Focusing on Children’s Faith when the Family Breaks Apart
By Michael Heath
Every year fewer children are directly exposed to religion. There are several explanations for this, and children growing up in a broken home are particularly vulnerable to this national trend.
Fewer Children Sign Up for Religious Classes
I worked several years in Catholic publishing selling to religious programs, and saw first-hand the challenges leaders face in getting parents to bring in the next generation of faithful. There are a few reasons for this dilemma. Among them is society’s shift toward secularization; people do not identify with religious values like in years past. Others may feel a connection to a higher power but do not see a requirement to be associated with an established house of worship. Pew Research Center studies show that an increasing number of people identify as being spiritual rather than religious, negating the need for organized religion. Well-publicized, clergy-abuse scandals have certainly caused a negative effect on class enrollment. Additionally, competition from organized sports or outdoor activities has been a major factor.
I grew up in a small town during the 1970s where grade-school girls’ extracurricular activities were mostly limited to cheerleading and Girl Scouts. The boys had just a little more with boys’ basketball and little league baseball. Today the same town offers its youth teams for both boys and girls in cross country, soccer, lacrosse, roller hockey, swimming, softball, and baseball. Many programs have off-season training requirements or travel teams that tax children’s free time. This does not account for the additional non-sports related activities now available.
The point here is that even if children’s time is finite, there are more ways to apportion it. Most churches, temples, and mosques are feeling the pressure of competing for even an hour of a child’s time per week. Clearly, parents face the issue of squeezing in religious instruction and services among their children’s over-scheduled lives. Often, going to the house of worship is sacrificed in lieu of other activities. An increasing number of children are growing up with no or very limited religion. The trend has greater consequences than just “skipping church.” Moral values, hard work, and the importance of family are messages common to all religions. These lessons can be lost in a secular society.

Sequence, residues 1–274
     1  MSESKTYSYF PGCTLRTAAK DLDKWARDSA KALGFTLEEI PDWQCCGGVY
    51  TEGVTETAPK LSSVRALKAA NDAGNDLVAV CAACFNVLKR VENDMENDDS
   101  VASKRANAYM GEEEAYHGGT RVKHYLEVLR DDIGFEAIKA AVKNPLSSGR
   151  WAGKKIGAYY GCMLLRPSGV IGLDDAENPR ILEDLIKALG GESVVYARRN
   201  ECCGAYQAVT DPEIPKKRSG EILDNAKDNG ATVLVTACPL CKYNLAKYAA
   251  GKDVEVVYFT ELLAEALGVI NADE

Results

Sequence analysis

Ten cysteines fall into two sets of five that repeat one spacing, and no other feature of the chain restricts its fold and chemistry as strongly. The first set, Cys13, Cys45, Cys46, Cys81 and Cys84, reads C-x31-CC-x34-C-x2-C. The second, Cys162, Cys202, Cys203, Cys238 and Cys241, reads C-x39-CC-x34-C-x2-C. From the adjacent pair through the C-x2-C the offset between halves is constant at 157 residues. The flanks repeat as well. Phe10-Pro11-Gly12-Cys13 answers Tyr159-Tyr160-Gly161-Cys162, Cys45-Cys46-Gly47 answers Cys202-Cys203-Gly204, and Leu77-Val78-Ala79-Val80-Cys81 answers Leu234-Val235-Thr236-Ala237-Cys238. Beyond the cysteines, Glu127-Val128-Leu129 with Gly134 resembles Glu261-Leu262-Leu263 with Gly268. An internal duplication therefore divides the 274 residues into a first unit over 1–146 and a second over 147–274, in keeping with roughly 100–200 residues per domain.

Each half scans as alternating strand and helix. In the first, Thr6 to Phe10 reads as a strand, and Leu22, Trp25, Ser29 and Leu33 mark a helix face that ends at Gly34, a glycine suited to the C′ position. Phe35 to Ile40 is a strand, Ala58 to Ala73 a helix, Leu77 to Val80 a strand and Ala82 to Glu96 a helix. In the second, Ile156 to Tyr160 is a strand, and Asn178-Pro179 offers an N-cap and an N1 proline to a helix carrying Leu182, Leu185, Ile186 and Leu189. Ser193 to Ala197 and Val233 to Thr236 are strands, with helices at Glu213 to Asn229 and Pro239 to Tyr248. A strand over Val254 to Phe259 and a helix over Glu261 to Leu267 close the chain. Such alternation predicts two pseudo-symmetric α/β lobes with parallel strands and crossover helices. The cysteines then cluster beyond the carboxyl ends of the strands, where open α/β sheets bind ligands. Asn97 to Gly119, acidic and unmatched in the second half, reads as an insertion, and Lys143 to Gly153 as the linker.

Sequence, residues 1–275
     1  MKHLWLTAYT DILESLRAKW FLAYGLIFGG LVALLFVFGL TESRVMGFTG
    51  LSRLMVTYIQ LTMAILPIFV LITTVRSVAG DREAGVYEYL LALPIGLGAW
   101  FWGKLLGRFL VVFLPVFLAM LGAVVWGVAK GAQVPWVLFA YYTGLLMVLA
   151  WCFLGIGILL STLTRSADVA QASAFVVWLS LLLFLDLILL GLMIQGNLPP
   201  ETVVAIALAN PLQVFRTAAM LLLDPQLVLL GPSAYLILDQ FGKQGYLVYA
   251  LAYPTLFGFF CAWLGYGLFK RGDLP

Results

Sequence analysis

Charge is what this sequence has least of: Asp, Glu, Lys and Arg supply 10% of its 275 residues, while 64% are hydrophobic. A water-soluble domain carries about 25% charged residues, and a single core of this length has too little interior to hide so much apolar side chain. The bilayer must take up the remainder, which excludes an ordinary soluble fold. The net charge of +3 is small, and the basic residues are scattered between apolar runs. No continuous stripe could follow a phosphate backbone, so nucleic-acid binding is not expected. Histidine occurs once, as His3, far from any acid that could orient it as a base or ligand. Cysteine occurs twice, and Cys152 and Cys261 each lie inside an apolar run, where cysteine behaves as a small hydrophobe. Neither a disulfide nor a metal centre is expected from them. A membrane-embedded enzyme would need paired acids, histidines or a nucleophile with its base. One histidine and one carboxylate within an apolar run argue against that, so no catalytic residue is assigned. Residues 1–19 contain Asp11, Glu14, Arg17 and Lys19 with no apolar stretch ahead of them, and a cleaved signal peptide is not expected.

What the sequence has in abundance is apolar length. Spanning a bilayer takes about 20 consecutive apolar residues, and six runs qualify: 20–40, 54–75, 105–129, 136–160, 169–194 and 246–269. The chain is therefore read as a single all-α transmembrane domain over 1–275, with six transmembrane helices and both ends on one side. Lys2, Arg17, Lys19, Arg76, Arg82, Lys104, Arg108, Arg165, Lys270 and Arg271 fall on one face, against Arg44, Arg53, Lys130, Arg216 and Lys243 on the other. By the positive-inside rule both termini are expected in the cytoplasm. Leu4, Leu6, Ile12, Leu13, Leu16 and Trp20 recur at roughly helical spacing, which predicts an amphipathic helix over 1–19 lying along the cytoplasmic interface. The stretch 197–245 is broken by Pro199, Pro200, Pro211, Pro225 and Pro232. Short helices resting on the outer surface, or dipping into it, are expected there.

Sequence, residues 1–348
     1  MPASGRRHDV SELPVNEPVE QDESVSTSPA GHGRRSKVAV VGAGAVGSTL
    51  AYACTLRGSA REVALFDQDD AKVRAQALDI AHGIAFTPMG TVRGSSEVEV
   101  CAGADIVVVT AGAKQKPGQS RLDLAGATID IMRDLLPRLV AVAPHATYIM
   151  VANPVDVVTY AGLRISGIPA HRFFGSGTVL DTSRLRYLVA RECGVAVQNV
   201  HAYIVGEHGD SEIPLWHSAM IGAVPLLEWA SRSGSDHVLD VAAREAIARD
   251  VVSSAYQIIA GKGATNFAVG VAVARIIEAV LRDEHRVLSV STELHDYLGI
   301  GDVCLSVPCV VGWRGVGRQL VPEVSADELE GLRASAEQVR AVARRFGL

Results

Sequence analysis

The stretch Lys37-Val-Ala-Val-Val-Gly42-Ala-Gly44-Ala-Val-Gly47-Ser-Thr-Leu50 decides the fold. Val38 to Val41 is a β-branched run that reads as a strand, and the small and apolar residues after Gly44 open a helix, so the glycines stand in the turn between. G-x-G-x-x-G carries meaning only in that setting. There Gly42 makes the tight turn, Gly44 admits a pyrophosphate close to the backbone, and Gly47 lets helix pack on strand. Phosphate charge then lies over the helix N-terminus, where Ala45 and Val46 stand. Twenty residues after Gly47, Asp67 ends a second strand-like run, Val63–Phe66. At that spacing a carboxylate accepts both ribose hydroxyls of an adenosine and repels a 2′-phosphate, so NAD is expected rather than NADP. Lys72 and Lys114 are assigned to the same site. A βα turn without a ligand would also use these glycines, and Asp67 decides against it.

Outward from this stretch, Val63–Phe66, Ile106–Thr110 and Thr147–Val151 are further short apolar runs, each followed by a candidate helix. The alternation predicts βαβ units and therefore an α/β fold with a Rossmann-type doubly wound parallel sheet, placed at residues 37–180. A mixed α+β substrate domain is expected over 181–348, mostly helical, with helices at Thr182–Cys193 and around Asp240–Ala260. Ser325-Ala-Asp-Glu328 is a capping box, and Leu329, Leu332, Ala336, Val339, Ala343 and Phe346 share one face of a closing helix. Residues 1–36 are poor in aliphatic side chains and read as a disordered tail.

Children of Divorced Parents May Need Religion Even More
In the case of divorced parents, the trend is even more concerning. The Public Religion Research Institute reports that children in their formative years raised by divorced parents are less likely to have religious affiliations. Naomi Schaefer Riley points out in her article Why Children of Divorce Need Religion, “The fact that both family and faith—the glues that hold together our culture and civic life, the safety nets of our most vulnerable citizens and the source of so much meaning and stability in our children’s lives—are each contributing to the weakening of the other is downright alarming.”
The hustle-bustle time in which we live provides endless excuses for married parents to fall back on when it comes to forgoing a religious affiliation. Divorced parents who suffer the extra burden of shuffling kids back and forth between households can come up with even more. Many raise the children without a house of worship believing their offspring can decide on joining a faith when they are old enough. But will they ever find God if they have never been exposed to religion? Doesn’t it make sense that, when the nuclear family is torn apart, a child’s “faith family’ becomes of greater importance?
Religious Instruction Builds a Foundation
From the time he was four years old, I raised our son on my own as a divorced father. Justin was sent to regular religious instruction and received the Catholic sacraments of Holy Communion, Reconciliation, and Confirmation. Now that he is in his twenties, he is like most of his friends in that he does not attend Mass with any regularity. Do I regret all those years of taking him to church and sending him to Catechism? No. Do I wish he was closer to his faith? Certainly. However, one day there will likely be a church wedding, children, baptisms, etc. Thanks to those years of church affiliation, my son will have a religion he can return to.